In conclusion, in the novel, there is no specific role for the women protagonists other than to drive the plot through their presence. Since they lack empowerment and have no or limited influence over the males, they are reduced to subsidiary roles of providing love interest to the men and a motivation for them to achieve their dreams. Their social interactions merely reflect their economic status and thereby these women provide a class structure rather than being strong individuals on their own merit. In the case of Jordan, though she is not objectified or disempowered like Daisy or Myrtle, but because of the harsh facade that she insists on maintaining, she ends up lonely and without a partner. Through her character, Fitzgerald expresses his opinion how these kinds of women would end up in the social structure that the American society of the time offered. In contrast, even in death George follows Myrtle while Daisy returns to Tom. Thus, through the roles of these women Fitzgerald concludes that it is powerful to be powerless.

La belle dame sans merci

In the poem La Belle Dame sans Merci, a knight tells the story of how he becomes obsessed with, and then gets abandoned by, a spirit known as “The Beautiful Lady Without Mercy.” Though seemingly aware she’s an illusion, the knight lingers in his memory of the Lady, and it’s implied he will do so until he dies. In this relationship, the knight’s love turns from enchantment into an obsession.


Through his example, the poem expresses two linked warnings about the dangers of intense romantic love which may transform into an obsession. When the object of obsession disappears, the lover left behind undergoes a spiritual death, losing the ability to appreciate the beauty in anything but the memory of what is lost. These warnings suggest that love, though wonderful, can quickly shift into a kind of metaphorical death if it becomes obsessive. The knight first describes falling in love with the Lady as a kind of enchantment that consumes him completely. The Lady he finds in the meadow is “Full beautiful, a faery’s child.” The Lady’s perfect beauty captures the knight’s attention. By describing her as the child of a magical creature, he emphasizes that her ability to charm him is a supernatural force. Enchanted further by the mysterious wildness in her eyes, the knight begins serving the Lady and devoting all his emotional energy to her. He weaves the Lady “bracelets” and “a garland,” and in reward receives her “love” and “sweet moan.”


However, the line between enchantment and obsession is dangerously thin. The Lady soon becomes the knight’s single focus, seemingly his single source of life. Besides the Lady, the knight sees “nothing else … all day.” This may sound like hyperbole, but the knight means it: the Lady creates a private world for herself and the knight.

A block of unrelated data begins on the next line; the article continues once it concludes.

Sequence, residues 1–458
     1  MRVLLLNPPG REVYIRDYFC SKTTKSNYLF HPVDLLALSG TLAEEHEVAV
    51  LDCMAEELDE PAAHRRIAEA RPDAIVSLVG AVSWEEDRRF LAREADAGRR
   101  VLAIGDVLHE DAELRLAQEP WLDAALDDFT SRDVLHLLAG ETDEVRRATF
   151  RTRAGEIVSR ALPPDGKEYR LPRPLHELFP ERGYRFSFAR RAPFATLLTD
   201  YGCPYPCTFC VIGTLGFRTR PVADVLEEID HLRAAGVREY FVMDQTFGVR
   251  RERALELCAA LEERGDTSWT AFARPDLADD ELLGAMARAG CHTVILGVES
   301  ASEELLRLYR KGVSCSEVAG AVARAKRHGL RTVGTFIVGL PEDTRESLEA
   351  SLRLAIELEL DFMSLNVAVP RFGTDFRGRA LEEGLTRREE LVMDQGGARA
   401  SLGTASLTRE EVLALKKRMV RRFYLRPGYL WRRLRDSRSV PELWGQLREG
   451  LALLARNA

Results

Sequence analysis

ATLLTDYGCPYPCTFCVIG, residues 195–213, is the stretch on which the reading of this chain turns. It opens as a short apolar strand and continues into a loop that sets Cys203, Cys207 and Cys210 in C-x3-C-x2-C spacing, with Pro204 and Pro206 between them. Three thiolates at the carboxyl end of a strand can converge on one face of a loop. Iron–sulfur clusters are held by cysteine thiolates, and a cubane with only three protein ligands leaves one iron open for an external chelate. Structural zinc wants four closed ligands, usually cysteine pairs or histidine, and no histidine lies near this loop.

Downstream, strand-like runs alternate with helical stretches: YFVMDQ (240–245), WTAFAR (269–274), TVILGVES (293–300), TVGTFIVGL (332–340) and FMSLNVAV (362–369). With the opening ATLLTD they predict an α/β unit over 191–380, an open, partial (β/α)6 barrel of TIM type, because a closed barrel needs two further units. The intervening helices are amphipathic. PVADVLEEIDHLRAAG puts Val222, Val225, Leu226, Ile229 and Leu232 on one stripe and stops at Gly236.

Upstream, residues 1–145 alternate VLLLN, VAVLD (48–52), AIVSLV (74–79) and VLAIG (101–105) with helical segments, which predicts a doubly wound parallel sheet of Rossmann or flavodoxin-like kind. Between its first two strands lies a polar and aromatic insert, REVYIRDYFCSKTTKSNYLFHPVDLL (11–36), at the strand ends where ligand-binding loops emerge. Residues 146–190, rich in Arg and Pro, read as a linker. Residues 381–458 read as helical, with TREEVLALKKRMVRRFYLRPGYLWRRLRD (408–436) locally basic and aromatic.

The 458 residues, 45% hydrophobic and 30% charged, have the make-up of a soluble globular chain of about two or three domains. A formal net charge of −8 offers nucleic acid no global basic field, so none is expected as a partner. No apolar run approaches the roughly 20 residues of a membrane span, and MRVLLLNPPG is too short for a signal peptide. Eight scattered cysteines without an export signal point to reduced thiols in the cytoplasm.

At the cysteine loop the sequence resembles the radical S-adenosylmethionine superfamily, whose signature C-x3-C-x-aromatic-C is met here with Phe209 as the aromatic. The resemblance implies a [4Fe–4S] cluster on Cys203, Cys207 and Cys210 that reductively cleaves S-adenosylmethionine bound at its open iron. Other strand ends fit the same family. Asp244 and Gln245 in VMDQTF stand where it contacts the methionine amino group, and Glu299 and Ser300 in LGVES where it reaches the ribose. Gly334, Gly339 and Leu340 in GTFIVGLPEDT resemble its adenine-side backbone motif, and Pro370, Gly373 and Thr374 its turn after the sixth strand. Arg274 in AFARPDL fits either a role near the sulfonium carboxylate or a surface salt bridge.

Soon, the knight sees her in everything as he is obsessed. The flowers transform into suitable material for the Lady to wear. The hillside cave, a feature of the natural landscape, becomes the Lady’s “Elfin grot.” As the knight’s obsession deepens, he grows to depend on the Lady even for basic nutrition. The Lady feeds the knight “roots of relish sweet, / And honey wild, and manna-dew.”


Having devoted so much emotional energy to the Lady and put himself completely under her control, the knight undergoes a spiritual death when she disappears. In his dream the knight sees the Lady’s former victims: “pale kings,” “princes,” and “warriors”—”death-pale were they all.” In their faces, he sees the man he will become: someone deathly, starved, and captivated by memories of the Lady to the point of enslavement. Like them, he will wake up “death-pale,” or, as the speaker first describes him, “Alone and palely loitering”—physically alive, yet condemned to replay his memory of an obsessive love for the rest of his days. The Lady is finally revealed to be La Belle Dame sans Merci—literally, The Beautiful Lady Without Mercy.

Strangely, the Lady’s merciless behaviour actually consists of the love and joy she provides; her sudden disappearance is what makes the knight’s experience so painful exactly because she was previously so kind. The shape of the Lady’s cruelty suggests that anything one falls in love with or obsesses over can cause such pain since anything can disappear in an instant. The poem thus cautions against such intense, obsessive love, arguing that it’s ultimately not worth the agony it can cause.


The Great Gatsby Motifs and Symbols